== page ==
History buffs Daniel Pogorzelski and Jacob Kaplan got permission to enter a space previously occupied by former Chicago alderman. They discovered that no one had ever cleaned the space out after the alderman died:
Longtime city clerk and former 35th Ward Ald. John Marcin, one of former Mayor Richard J. Daley’s closest political allies, had worked out of the building for years. There were rumors all of his stuff was still in there, virtually untouched since his death in 1984.
Pogorzelski and Kaplan, writers and editors for local history website Forgotten Chicago, tried for years to get ahold of the property owner, but they struck out each time.
It took awhile, but finally in 2014, with the help of Avondale Neighborhood Association President Liz Muscare, they got in.
And, much to their surprise, the rumors were true: Marcin’s office at 3534 W. Diversey Ave. had been left untouched. Old photos, campaign literature (some dating back to the 1930s when Marcin ran for congress), meticulously compiled scrapbooks, oil paintings and even neon signs were all sitting there, collecting dust.
Last week, Pogorzelski and Kaplan packed it all up in a U-Haul and delivered it to the University of Illinois at Chicago’s Richard J. Daley Library. The two donated the collection in hopes of deepening Chicago’s understanding of local politics.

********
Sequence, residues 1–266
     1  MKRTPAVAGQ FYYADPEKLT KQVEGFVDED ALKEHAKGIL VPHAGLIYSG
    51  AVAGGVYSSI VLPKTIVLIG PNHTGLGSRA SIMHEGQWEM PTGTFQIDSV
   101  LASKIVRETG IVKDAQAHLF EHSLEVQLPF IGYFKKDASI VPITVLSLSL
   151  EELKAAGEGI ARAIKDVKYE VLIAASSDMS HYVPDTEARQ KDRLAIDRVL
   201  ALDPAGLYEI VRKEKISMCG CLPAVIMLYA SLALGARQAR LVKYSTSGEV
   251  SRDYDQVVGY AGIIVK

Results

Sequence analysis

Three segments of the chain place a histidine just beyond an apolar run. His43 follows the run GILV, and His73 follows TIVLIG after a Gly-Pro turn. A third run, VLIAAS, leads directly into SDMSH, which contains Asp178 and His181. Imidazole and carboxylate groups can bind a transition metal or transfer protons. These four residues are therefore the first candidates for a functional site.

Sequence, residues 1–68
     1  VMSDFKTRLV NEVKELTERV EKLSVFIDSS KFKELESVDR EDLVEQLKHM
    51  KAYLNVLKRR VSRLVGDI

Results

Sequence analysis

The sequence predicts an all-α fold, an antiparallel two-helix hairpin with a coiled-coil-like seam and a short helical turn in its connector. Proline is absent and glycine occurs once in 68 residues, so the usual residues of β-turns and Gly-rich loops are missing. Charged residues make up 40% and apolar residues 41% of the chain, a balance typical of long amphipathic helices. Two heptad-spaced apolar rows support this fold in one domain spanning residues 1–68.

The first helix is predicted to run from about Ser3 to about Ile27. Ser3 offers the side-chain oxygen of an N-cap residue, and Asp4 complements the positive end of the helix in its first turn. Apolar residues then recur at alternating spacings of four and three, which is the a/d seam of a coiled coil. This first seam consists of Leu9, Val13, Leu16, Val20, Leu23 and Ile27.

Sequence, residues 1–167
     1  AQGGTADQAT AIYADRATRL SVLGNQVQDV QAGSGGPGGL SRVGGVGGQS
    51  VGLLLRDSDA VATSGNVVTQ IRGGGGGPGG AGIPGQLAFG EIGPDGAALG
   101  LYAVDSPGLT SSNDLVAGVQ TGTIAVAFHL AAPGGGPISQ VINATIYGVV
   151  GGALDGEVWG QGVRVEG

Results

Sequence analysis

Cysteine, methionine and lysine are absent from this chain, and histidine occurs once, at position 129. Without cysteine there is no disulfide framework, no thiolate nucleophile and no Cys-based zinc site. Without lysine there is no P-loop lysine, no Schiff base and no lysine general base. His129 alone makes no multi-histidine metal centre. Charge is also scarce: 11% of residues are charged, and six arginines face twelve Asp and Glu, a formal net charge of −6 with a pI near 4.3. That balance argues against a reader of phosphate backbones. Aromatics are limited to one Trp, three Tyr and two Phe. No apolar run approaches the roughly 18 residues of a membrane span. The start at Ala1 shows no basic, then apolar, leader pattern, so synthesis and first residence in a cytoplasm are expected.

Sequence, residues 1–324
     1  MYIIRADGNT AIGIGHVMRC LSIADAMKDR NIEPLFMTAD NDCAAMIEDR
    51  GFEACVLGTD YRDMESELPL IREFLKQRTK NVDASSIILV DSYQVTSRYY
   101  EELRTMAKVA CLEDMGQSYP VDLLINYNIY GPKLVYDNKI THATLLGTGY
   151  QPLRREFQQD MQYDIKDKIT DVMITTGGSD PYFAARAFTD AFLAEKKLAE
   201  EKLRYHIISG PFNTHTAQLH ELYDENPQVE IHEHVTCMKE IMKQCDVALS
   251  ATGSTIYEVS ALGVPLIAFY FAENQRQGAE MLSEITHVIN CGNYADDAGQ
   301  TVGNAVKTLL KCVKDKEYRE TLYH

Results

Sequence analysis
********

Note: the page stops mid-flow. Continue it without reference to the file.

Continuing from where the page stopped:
“There’s all of the appointment books during his time as city clerk, the people he met with. You can kinda see how the city operated at that time,” Kaplan said.
“It’s not just ephemera. It’s stuff he used as city clerk and alderman that people will find really informative.”
For years, I thought I was going to be an historian, even going so far as to take the GRE and meet with a few East Coast history departments during my last two years in college. This kind of documentary bonanza can make someone's career. I'm glad it's going to an organization that can use it.
Just one thing, though: who paid the rent on the building for 30 years?